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We read much of Blake’s work as an attack on empiricism.  Beginning with his critique of Sir Joshua Reynolds’ representation of genius as following a certain form, Blake continually critiques acceptance of absolutes.  Through this Blake uncovers the contraries constructing the idea of absolute fact, implying that empirical “proven” data is not more valuable than imagined ideas.  The imagined and the proved are transitory rather than permanent states.  If this is the case there is more room for individual interpretation of one’s circumstances and surroundings.  That is, man need not subscribe to another’s system of determining meaning.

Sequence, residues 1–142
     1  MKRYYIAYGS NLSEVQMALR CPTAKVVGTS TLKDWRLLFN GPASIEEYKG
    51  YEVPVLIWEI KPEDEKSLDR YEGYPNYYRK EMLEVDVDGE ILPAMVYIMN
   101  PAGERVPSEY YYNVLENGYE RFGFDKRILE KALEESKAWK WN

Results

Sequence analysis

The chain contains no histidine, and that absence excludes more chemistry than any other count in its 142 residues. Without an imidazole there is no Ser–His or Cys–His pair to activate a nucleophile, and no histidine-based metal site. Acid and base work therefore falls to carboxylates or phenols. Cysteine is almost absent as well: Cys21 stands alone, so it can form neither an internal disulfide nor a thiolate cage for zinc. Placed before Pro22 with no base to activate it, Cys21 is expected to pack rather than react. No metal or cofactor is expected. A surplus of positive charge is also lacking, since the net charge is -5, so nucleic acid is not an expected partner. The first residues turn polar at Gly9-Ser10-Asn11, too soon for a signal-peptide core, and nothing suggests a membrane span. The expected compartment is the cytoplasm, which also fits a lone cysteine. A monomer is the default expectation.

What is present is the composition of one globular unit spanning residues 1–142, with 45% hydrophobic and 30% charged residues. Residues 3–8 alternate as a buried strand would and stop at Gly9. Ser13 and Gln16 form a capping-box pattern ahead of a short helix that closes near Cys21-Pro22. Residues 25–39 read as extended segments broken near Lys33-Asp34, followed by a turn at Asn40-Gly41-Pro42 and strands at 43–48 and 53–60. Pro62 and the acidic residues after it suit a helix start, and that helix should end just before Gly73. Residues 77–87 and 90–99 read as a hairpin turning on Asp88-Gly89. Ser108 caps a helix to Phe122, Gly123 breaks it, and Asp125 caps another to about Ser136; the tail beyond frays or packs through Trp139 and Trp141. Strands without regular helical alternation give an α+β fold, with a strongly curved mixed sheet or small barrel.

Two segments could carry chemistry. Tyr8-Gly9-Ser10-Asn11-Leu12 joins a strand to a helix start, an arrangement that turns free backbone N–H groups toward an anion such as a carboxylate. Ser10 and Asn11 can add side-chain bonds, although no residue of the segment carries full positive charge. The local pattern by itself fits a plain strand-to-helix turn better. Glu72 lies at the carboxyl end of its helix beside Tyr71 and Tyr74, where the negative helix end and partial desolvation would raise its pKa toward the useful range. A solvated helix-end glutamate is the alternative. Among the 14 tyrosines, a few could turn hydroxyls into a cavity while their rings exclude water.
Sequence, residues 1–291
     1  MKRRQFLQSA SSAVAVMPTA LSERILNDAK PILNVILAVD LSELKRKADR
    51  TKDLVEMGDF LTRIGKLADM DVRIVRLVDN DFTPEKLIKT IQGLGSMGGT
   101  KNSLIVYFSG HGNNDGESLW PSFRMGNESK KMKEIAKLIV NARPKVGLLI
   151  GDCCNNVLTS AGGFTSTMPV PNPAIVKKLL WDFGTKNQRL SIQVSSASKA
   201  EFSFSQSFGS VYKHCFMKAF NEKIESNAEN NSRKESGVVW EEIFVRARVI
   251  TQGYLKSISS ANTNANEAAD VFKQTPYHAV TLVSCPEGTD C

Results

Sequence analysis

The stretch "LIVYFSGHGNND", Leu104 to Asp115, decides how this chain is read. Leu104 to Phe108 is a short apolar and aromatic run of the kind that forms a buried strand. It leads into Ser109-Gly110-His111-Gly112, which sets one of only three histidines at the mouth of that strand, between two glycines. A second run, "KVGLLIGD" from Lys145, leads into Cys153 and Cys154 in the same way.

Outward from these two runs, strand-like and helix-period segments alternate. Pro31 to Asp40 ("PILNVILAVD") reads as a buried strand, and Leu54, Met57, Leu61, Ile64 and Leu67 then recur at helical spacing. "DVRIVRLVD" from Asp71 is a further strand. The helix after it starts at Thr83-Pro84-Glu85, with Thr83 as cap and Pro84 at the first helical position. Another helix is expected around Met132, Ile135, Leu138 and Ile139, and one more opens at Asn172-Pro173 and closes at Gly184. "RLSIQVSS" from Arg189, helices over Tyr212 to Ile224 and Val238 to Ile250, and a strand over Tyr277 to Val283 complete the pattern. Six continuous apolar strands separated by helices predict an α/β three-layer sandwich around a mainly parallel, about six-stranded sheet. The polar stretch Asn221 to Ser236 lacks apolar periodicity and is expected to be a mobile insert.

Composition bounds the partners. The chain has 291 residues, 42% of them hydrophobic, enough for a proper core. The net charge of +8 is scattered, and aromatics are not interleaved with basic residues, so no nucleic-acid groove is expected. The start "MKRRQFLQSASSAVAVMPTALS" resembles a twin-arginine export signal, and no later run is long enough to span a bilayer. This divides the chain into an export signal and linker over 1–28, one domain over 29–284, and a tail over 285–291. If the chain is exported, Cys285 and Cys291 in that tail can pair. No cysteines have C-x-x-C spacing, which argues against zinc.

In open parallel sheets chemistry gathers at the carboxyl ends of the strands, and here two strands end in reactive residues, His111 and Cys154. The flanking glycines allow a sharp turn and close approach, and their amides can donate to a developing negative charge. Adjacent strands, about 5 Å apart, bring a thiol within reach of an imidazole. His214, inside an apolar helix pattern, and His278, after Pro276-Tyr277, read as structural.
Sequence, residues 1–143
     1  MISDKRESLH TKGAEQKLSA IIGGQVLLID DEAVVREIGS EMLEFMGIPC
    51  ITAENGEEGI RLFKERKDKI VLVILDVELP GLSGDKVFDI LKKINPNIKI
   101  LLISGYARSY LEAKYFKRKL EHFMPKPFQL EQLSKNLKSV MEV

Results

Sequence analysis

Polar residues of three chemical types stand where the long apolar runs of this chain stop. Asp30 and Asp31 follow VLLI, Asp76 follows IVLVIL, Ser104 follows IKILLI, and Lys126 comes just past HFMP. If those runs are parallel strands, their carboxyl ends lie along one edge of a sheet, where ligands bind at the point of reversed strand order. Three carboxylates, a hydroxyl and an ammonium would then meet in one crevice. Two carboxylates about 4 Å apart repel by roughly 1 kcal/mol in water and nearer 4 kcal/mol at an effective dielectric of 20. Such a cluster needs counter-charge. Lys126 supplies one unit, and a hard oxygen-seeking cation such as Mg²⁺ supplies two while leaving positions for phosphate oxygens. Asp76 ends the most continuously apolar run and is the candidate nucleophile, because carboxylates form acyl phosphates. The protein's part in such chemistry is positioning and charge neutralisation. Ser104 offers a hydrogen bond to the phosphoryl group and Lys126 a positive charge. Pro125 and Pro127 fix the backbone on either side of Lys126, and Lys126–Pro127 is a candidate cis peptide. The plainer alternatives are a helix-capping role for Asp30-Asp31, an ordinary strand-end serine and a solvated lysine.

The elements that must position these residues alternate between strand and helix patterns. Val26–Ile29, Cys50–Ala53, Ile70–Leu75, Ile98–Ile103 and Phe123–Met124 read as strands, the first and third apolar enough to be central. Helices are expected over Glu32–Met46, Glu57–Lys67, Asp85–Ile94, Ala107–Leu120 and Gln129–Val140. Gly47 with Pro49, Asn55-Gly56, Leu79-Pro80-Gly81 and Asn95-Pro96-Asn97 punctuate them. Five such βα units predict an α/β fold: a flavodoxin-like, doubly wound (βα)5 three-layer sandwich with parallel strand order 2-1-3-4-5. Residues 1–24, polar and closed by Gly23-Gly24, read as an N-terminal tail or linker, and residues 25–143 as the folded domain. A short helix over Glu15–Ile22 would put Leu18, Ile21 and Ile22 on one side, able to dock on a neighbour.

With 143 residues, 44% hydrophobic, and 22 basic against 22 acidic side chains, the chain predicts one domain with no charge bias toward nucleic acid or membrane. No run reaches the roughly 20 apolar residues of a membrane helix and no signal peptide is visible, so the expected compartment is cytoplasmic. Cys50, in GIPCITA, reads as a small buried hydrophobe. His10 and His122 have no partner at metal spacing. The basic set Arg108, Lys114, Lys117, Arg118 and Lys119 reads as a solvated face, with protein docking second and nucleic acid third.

By placing this aphorism amongst the “Proverbs of Hell,” Blake requires the reader to question whether the speaker can be trusted.  In so doing the reader replaces the “proved” idea that things of hell are entirely evil and misleading with the “imagin’d” that even the words of the devil may contain truth.  We can extend this reading beyond the “Proverbs” to the broader work of “The Marriage of Heaven and Hell,” presenting the work as Blake’s covert attack on the widespread acceptance of the absolute authority of religion.  Rather than directly criticize the dominance of the church, Blake gives value to the voice of hell.  Then, as the reader discerns truth amongst these proverbs, he must refute the idea of absolute evil and absolute good put forth by the church.  In this way Blake guides the reader to a position of religious skepticism while also providing the individual reader with interpretive space as he reaches an independent conclusion.